NEW from ACC Art Books – Limited Edition: Sukita: EternityClick here to order

Art of the Cameroon Grasslands

Art of the Cameroon Grasslands

The Weis Collection

By (author) Bettina von Lintig
By (author) Peter Weis
Contributions by Michael Oehrl
Photographs by Andreas Achmann


Publishing 25th Sep 2024
Log in to add this to your wishlist.
Full Description

Art of the Cameroon Grasslands unveils the artistic creativity of a region of West Africa through the Weis Collection. With texts by Peter Weis and Bettina von Lintig, and a contribution by Michael Oehrl, the book is a comprehensive overview of Grasslands Art.

In contrast to many other African regions, the works of the artists of the ethnic groups that live in the Grasslands are characterized by enormous diversity, dynamism, movement, asymmetry, power, and even unbridled wildness. Other works radiate tranquillity, offering the viewer uncommon visual pleasure and delight. For centuries, kingdoms and rulers in this region competed to create new works of art or perfect inherited styles. These works served cultural, profane, and representational purposes, and they reflected the social and ruling structures of the Grasslands—aspects that the book’s essays and descriptions go into in detail.

A broad spectrum of objects and their uses are reflected in the Weis Collection. It includes everyday objects, works of folk art, ritual, and cult objects such as magic or commemorative figures, masks, posts, palace doors, representational objects, musical instruments, tobacco pipes, and drinking horns.

The introduction presents important aspects of the cultural and artistic development of each object’s region of origin, also in the context of European colonization. All are illustrated with numerous field photographs. This is followed by an essay on beaded artworks from the Grasslands, a subject that has been little researched to date. As the Grasslands are embedded in a larger cultural area, objects in the collection from neighboring ethnic groups are also presented, in many cases shedding light on centuries-old connections and artistic exchanges.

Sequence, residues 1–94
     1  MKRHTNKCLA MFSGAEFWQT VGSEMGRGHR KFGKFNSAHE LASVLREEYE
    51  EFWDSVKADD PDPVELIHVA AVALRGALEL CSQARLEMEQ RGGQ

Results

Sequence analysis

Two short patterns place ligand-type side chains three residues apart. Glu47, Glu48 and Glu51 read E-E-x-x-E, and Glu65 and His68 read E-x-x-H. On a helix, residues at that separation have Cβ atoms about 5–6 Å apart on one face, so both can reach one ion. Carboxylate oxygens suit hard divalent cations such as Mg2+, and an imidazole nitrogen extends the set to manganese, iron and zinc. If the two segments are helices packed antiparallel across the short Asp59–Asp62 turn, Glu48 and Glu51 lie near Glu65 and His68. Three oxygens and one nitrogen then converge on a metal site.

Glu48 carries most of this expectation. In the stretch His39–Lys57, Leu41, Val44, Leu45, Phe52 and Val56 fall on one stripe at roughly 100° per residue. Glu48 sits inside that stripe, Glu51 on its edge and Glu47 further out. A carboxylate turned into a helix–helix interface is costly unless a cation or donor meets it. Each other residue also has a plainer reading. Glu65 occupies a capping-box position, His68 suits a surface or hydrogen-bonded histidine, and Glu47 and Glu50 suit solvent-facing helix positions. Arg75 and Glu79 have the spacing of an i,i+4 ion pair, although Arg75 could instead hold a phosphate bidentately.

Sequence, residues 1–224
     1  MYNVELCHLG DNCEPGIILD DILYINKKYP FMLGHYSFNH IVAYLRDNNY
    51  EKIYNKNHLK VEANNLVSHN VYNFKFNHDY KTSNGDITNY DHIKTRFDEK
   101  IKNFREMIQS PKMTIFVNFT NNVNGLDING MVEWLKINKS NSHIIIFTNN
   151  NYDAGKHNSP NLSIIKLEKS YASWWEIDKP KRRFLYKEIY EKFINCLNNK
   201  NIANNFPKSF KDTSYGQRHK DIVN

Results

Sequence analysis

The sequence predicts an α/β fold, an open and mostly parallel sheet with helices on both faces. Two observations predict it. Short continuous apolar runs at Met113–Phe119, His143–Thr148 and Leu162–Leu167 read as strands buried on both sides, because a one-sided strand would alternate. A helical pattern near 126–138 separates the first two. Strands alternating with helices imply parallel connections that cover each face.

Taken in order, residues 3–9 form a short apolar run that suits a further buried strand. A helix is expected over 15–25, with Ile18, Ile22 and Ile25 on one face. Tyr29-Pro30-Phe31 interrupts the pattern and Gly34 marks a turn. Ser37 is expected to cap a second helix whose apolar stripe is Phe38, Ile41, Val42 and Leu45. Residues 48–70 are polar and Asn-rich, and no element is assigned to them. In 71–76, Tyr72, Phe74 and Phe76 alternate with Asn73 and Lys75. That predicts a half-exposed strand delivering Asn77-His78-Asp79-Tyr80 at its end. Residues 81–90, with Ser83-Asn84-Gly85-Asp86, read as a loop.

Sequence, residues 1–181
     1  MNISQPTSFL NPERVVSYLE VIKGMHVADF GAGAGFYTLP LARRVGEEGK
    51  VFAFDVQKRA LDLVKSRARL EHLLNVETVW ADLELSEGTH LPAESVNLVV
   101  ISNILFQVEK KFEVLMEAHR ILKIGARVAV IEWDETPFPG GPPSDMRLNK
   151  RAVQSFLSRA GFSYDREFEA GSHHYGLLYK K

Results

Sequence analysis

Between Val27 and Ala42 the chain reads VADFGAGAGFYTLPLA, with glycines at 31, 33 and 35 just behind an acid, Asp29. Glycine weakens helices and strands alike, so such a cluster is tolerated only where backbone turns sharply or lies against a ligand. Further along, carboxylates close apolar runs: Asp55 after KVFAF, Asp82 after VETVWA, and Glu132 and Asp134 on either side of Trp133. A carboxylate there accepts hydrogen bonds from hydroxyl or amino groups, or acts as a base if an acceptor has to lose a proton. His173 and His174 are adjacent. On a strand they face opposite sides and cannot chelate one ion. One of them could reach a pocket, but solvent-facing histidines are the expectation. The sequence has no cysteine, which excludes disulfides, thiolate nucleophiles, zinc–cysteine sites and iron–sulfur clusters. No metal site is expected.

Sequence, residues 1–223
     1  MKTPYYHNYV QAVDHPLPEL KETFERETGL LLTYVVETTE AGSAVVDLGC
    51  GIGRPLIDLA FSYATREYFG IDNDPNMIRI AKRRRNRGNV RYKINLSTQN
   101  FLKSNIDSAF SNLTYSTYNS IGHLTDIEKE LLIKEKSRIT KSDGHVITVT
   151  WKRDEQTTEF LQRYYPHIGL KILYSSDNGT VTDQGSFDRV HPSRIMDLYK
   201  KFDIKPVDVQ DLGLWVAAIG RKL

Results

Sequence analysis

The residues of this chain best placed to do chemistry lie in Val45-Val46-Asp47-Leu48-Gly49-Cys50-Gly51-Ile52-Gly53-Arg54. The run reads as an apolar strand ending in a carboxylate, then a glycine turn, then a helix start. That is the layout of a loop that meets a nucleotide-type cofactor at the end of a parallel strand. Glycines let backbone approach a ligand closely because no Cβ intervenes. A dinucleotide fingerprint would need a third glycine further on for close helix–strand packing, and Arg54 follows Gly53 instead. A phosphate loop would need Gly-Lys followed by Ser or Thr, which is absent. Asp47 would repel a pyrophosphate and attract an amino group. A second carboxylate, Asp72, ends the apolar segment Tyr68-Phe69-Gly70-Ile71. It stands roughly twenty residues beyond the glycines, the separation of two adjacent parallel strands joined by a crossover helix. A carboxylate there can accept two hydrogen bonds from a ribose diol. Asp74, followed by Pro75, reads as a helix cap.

About the Author

Bettina von Lintig completed her studies at LMU Munich with a doctorate in ethnology specializing in the Cameroon Grasslands. She began to write journalistic texts with an anthropological focus during her college years. As an expert on “tribal art,” she worked in the trade, archived collections, and curated exhibitions. She was a member of the Bayreuth-based Humanities Collaborative Research Centre’s interdisciplinary program “Local Action in Africa in the Context of Global Influences,” and her research interest focused on modernist and contemporary art movements in Senegal and Paris. She has worked as an independent researcher for many years and has published several books and numerous essays. Peter Weis has been collecting ethnological artifacts, primarily African art, for nearly 40 years. His research focuses on traditional Cameroonian Art. Dr. Weis studied economics and law, and he has worked in industry and as a bank manager in Germany and abroad. He was subsequently appointed full professor of Human Resource Management. Michael Oehrl has been working with tribal carpets of the Baluch people of Persia and Afghanistan as well as the textiles of the Berber peoples in North Africa since the 1980s. Since 2005, Dr. Oehrl’s main interest has been in traditional African art, especially glass beadwork, as well as works from South America. Andreas Achmann is a renowned photographer specializing in still life imagery and is also a dedicated collector of African traditional art. His work has been featured in prestigious publications such as Elle and Vogue, and he has worked with international companies like LVMH and Swarovski. Additionally, Achmann has contributed to several art books that showcase his expertise and passion for capturing the beauty of objects and artifacts.

Five Continents Editions
Publish date
25th Sep 2024
USA & Canada
9.45 in x 11.22 in
400 Pages
300 color
Recently Viewed

Please log-in or create an account to see your recent items.